Obama surprises with Copenhagen summit decision

WASHINGTON Fri Dec 4, 2009 7:51pm EST

1 of 2. U.S. President Barack Obama delivers remarks at Lehigh Carbon Community College in Allentown, Pennsylvania, December 4, 2009.

Credit: Reuters/Jim Young

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WASHINGTON (Reuters) - U.S. President Barack Obama will attend the end of the Copenhagen climate change summit, a late change of plan the White House attributed on Friday to growing momentum toward a new global accord.

Obama was originally scheduled to attend the December 7-18 summit in Denmark on Wednesday before traveling to nearby Oslo to collect his Nobel Peace Prize.

Some European officials and environmentalists had expressed surprise at the initial decision, pointing out most of the hard bargaining on cutting greenhouse gas emissions would likely take place at the climax of the summit, when dozens of other world leaders are also due to attend.

"After months of diplomatic activity, there is progress being made toward a meaningful Copenhagen accord in which all countries pledge to take action against the global threat of climate change," the White House said in a statement.

Danish officials say more than 100 world leaders have confirmed they will attend the conference, which Denmark hopes will help lay the foundation for a successor to the 1997 Kyoto Protocol on curbing global warming gases.

"Based on his conversations with other leaders and the progress that has already been made to give momentum to negotiations, the president believes that continued U.S. leadership can be most productive through his participation at the end of the Copenhagen conference on December 18th rather than on December 9th," the White House said.

GROWING CONSENSUS

The Obama administration has been encouraged by recent announcements by China and India, two other major carbon emitters, to set targets to rein in emissions and the growing consensus on raising cash to help poor nations cope with global warming, seen as a stumbling block to a new U.N. deal.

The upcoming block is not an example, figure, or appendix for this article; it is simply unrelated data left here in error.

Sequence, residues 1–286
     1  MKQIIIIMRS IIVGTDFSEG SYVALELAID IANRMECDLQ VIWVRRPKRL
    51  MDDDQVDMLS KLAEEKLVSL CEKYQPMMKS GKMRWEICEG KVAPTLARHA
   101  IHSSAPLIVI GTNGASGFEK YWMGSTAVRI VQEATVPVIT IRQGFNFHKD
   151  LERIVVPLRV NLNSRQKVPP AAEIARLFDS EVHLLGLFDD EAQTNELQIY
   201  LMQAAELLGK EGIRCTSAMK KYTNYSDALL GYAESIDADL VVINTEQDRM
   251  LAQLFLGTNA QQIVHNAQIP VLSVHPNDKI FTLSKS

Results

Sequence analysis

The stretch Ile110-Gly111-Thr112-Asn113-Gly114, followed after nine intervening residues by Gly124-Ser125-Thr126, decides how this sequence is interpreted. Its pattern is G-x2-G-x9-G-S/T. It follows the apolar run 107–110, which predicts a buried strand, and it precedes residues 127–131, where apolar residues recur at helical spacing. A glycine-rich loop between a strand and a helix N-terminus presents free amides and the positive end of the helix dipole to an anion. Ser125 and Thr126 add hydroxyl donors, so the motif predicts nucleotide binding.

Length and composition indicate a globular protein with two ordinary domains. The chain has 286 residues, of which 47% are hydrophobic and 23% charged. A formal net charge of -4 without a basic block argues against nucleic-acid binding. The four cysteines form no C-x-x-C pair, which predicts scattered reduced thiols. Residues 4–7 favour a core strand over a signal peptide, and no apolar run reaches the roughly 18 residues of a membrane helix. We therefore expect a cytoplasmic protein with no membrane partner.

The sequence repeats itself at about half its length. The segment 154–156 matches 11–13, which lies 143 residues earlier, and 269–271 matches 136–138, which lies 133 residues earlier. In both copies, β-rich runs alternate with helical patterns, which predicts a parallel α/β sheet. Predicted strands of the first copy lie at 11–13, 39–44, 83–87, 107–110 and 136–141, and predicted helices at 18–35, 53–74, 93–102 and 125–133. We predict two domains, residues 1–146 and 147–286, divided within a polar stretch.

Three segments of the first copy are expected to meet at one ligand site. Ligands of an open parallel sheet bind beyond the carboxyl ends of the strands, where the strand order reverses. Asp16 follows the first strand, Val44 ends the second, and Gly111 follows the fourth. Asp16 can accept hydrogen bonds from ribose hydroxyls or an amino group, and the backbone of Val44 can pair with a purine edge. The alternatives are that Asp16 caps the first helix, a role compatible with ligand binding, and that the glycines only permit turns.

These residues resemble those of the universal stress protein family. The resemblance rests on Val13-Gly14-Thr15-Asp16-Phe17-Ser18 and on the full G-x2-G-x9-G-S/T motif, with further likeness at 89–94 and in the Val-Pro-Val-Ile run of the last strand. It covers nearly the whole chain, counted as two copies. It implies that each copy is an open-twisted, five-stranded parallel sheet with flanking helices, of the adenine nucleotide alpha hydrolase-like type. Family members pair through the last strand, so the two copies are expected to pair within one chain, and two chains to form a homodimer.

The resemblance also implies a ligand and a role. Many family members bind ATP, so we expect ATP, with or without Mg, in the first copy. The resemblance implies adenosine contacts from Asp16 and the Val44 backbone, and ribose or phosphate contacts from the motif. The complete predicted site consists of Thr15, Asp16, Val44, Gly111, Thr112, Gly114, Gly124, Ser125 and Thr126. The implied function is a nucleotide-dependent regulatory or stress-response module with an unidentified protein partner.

Danish Prime Minister Lars Lokke Rasmussen swiftly welcomed Obama's decision, saying his attendance was "an expression of the growing political momentum toward sealing an ambitious climate deal in Copenhagen."

In London, a spokesman for British Prime Minister Gordon Brown said Obama's presence would give "huge impetus" to the negotiations.

The United States will pledge in Copenhagen to cut its greenhouse gas emissions roughly 17 percent below 2005 levels by 2020.

It was the last major industrialized country to offer a target for cutting greenhouse gases in a U.N.-led drive to slow rising world temperatures that could bring more heatwaves, expanding deserts, floods and rising sea levels.

Experts expect the Copenhagen gathering to reach a political agreement that includes targets for cuts in greenhouse gases by rich nations by 2020. Agreement on a successor to Kyoto will be put off until 2010.

The White House said Obama had discussed the status of negotiations with Australian Prime Minister Kevin Rudd, German Chancellor Angela Merkel, French President Nicolas Sarkozy and Britain's Brown.

There appeared to be a growing consensus that a "core element" of the Copenhagen accord should be to seek pledges totaling $10 billion a year by 2012 to help developing countries cope with climate change, the White House said.

"The United States will pay its fair share of that amount and other countries will make substantial commitments as well," it said.

Environmentalists welcomed Obama's move and some called for him to shift his administration's target for cutting emissions at the same time.

"After a global outcry, President Obama has listened to the people and other world leaders; he has come to his senses and accepted the importance of this potentially historic meeting," Martin Kaiser, Greenpeace International's political climate coordinator, said in a statement.

"Now that he has moved the date, he needs to move his targets and his financial contribution to be in line with what climate science demands," he said. (Reporting by Ross Colvin, additional reporting by Caren Bohan and Jeff Mason in Washington and David Milliken in London; Editing by Peter Cooney)

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